Publisher-Developed IPad Apps: Kind of a Mess, Actually

"There was untold expense of spirit."

Mr. Pontin. (

Once upon a time not so very long ago–we’re talking two years ago, tops–expensively developed, beautifully realized iPad apps were all the publishingindustry rage. But like so many torrid love affairs, the passion that burned hot burned fast, and now there’s nothing but ashes and regrets and songs sung by Morrissey. In a dear-John letter to his own magazine’s appTechnology Review editor-in-chief Jason Pontin describes the period bluntly: “What went wrong? Everything.” It’s all downhill from there.

After a long recap of the struggles faced by the industry as a whole, Mr. Pontin turns his attention inward and does not gloss over the apparent disastrousness of Technology Review‘s own app project:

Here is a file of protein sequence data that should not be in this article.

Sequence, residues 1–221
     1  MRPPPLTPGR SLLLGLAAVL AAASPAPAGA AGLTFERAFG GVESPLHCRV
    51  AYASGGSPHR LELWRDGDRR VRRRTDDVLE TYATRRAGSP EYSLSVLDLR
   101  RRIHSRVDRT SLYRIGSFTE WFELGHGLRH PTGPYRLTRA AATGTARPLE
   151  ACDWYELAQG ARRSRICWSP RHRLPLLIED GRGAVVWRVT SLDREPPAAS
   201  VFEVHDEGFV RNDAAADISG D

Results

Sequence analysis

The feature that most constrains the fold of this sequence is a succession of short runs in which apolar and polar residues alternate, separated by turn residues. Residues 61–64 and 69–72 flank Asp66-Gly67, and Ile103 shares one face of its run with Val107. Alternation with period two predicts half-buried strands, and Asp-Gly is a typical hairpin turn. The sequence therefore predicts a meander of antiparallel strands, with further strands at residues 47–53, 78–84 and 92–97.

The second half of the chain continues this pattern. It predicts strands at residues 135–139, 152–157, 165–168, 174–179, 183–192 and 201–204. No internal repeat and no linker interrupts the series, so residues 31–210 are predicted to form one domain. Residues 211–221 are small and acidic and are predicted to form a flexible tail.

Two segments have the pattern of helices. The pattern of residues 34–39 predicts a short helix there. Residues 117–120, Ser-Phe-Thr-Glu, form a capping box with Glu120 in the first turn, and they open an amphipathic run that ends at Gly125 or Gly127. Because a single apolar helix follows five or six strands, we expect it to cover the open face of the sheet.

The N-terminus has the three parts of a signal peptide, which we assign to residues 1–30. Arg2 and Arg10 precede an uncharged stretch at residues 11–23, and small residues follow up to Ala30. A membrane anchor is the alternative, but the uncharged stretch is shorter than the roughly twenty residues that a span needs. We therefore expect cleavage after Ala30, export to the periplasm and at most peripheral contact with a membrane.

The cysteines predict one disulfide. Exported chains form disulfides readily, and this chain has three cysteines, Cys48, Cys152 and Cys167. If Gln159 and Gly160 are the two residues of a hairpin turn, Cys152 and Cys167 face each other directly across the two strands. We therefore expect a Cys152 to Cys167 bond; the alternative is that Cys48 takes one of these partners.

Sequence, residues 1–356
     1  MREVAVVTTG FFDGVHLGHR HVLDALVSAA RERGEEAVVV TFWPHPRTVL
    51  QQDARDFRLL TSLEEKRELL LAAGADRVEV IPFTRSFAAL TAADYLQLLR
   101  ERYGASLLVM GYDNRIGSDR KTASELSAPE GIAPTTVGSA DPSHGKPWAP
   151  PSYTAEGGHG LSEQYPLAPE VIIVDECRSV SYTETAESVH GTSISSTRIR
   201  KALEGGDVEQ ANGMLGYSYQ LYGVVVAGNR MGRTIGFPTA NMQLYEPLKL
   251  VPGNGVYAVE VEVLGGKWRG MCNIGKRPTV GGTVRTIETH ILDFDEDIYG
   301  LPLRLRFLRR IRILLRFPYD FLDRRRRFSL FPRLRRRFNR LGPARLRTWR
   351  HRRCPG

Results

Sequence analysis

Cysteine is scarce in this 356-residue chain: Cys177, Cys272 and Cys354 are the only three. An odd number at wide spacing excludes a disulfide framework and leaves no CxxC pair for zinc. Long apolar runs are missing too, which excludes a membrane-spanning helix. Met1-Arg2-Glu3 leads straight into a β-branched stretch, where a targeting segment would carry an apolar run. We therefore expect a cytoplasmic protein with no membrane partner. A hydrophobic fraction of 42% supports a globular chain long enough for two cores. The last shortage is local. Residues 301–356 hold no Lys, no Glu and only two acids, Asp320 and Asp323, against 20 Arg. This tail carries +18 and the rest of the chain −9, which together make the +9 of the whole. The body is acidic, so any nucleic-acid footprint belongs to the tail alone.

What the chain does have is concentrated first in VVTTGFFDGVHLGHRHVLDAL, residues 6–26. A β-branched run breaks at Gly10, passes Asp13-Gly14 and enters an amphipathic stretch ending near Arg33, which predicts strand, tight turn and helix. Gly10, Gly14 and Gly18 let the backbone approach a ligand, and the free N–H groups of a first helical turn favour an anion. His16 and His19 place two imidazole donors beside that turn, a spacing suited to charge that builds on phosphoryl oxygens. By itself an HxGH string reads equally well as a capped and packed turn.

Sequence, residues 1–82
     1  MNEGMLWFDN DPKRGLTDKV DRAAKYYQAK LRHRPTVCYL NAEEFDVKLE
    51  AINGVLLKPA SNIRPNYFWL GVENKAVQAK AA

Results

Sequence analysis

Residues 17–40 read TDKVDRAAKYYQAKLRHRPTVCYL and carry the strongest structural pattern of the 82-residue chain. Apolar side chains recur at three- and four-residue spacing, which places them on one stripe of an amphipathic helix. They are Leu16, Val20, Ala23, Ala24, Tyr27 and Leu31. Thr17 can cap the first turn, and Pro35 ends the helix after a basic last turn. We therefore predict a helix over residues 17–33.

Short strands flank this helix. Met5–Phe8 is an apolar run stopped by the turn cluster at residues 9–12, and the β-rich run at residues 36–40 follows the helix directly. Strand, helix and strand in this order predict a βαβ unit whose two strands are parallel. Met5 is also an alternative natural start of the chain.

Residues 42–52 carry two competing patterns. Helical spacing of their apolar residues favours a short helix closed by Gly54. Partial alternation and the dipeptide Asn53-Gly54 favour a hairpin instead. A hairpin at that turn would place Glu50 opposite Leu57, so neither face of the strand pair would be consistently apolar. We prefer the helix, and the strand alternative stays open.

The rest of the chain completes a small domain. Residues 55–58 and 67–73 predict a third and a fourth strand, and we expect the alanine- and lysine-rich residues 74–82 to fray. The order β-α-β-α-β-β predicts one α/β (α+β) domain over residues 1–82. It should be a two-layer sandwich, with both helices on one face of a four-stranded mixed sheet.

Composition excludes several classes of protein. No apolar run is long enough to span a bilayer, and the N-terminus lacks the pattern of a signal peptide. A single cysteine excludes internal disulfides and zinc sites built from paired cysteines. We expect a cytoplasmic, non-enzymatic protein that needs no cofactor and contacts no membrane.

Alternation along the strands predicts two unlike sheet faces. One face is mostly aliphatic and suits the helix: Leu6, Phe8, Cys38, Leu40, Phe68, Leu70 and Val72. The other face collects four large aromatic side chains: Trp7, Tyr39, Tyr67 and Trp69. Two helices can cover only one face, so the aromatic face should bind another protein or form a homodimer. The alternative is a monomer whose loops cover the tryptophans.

We sold 353 subscriptions through the iPad. We never discovered how to avoid the necessity of designing both landscape and portrait versions of the magazine for the app. We wasted $124,000 on outsourced software development. We fought amongst ourselves, and people left the company. There was untold expense of spirit. I hated every moment of our experiment with apps, because it tried to impose something closed, old, and print like on something open, new, and digital.

They’ve now cut their losses and are redesigning using HTML5, so it’ll be free and easy-to-read on any device. We imagine that wireframes were ceremonially burned in the process.

Publisher-Developed IPad Apps: Kind of a Mess, Actually